The principles of wabi-sabi exemplified in the Shou Sugi Ban House
Forget Marie Kondo’s pop-cultural KonMari methodology and embrace wabi-sabi, a true Japanese philosophy with roots in the beauty of imperfect things and its embrace of understated elegance
When Netflix series Tidying Up With Marie Kondo debuted on 1 Jan 2019, the KonMari methodology of home/life organisation began a trend which sparked a rapid decluttering of everything in the lives of its viewers that “didn’t spark joy”. Consequently, Marie Kondo, the originator of this method which covers everything from closets to personal relationships, became a household name outside Japan. In Japan, KonMari is an anathema, no one “greets the house” and certainly, while being pioneers of zen-minimalism, Japanese culture thoroughly embraces the inevitability of imperfection and life with a soul, it is a genuine philosophy, unlike “KonMari”, known as wabi-sabi.
“If you adopt this approach—the KonMari Method—you’ll never revert to clutter again,”- Marie Kondo, The Life-Changing Magic of Tidying Up
The Aesthetic principles of wabi-sabi exemplified in the Shou Sugi Ban House
With early links to Chinese Buddhism, the principles of wabi-sabi blossomed out of the Japanese tea ceremonies in the 15th and 16th centuries. Life is impermanent and imperfect and wile Marie Kondo believes one can keep clutter at bay on a permanent basis, the wisdom behind wabi-sabi can be discerned in its name – wabi refers to living in tune with natural life and all its imperfection and understated elegance while sabi recommends keeping things to the essentials so one could appreciate life and its transient imperfection. According to Joe Pinsker, staff writer at The Atlantic, most people he talked to didn’t practice all the precepts laid out in Marie Kondo’s book, instead, they “carved out exceptions to or ignored certain recommendations”, a good number of them would admit that some of the KonMarie methodology was “far too onerous”, wabi-sabi is therefore a naturalistic middle-ground, organically evolved from Japanese culture rather than a “branding exercise for Western audiences” by Ms. Kondo.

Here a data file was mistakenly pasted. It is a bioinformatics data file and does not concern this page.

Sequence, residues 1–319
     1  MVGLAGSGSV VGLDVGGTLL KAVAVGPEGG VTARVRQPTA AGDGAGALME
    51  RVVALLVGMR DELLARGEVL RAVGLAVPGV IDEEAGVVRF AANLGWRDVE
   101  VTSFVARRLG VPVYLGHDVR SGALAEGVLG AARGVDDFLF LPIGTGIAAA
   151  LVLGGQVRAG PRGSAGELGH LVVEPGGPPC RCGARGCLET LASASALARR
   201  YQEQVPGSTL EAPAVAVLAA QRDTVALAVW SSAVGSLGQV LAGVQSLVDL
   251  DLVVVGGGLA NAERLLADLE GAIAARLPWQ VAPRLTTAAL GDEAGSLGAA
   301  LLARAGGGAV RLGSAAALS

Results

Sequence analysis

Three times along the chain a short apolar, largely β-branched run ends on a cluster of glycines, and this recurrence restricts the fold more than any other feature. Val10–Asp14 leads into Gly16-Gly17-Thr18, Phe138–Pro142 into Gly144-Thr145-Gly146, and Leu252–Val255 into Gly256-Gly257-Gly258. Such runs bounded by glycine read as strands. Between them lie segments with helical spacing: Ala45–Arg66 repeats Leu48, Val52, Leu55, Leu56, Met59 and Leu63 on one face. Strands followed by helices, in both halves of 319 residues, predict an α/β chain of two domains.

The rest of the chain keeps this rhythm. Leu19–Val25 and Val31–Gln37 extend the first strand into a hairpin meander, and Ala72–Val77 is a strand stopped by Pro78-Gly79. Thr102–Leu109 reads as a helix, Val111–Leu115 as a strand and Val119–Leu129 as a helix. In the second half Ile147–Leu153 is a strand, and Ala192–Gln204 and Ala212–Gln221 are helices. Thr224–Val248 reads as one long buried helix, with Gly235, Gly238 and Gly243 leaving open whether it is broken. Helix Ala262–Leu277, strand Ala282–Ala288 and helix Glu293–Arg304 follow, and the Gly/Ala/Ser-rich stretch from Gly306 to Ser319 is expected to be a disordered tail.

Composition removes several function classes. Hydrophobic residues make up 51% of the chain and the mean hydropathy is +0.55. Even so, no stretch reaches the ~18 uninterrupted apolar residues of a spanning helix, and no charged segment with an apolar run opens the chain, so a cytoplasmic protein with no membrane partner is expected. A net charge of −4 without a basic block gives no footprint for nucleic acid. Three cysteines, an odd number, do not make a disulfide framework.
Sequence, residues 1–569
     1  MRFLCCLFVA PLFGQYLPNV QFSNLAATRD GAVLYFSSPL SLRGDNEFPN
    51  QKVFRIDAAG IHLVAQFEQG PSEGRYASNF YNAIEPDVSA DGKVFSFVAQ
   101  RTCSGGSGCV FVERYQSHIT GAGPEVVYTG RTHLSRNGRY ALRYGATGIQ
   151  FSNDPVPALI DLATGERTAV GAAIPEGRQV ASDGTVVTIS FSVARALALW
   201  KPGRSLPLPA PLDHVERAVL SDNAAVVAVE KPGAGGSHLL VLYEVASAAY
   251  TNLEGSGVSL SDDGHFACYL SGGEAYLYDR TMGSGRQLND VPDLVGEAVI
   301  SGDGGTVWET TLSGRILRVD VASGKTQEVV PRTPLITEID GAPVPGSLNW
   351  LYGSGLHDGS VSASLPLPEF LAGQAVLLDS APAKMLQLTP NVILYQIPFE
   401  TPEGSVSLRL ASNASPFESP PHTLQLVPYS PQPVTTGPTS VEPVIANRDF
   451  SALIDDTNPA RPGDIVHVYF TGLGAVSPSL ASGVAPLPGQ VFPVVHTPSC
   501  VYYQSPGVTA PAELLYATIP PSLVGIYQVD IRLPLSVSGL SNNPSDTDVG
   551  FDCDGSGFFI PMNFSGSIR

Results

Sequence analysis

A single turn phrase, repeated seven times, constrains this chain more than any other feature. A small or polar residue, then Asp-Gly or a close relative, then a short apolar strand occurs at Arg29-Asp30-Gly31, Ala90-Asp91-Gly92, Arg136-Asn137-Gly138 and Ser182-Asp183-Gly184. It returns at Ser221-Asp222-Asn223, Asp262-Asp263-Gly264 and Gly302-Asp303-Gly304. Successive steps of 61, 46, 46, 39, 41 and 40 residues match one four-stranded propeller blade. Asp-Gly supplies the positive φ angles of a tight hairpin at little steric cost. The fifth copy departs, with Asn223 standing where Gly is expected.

The Shou Sugi Ban House is inspired by the principles of wabi-sabi, and when combined with wellness traditions that value the simple beauty and healing properties found within the natural world, wabi-sabi becomes not just a way of life but a way of living. The name itself, shou sugi ban refers to a traditional craft of preserving wood – it appears like charcoal but really is a wood specially blackened by scorching and then finished with a varnish of oil which then fireproofs the material. In a paradoxical way, the visual aesthetics of the wood is produced but it is here that the wabi-sabi ideal is best exemplified – it’s “destroyed” but now, preserved for life.
Located within a converted barn in New York city, the Shou Sugi Ban House is a thirteen-room destination spa housed on more than three acres in the Hampton’s Water Mill hamlet just outside NYC.
Featuring holistic living, nutrition, education, fitness, meditation, advanced skin care, therapeutic bodywork, artful massage and hydrotherapy, the treatments are accompanied with the mellow aesthetics and colour palettes as well as the sumptuous hand-crafted artisan furniture and finishings – an atmosphere perfectly designed to rejuvenate souls walking in from an imperfect world.
Our modern world, especially with the advent of social media tools like instagram is one which promotes the appearance of perfection and thus, the deleterious effects of burn out should one not be capable of living that ideal on a day to day basis. KonMari is an ideal, wabi-sabi offers the opposite and the Shou Sugi Ban House thus becomes a tranquil yet homely environment which encourages a return to the simplicity of self in a more organic rather than “enforced” manner.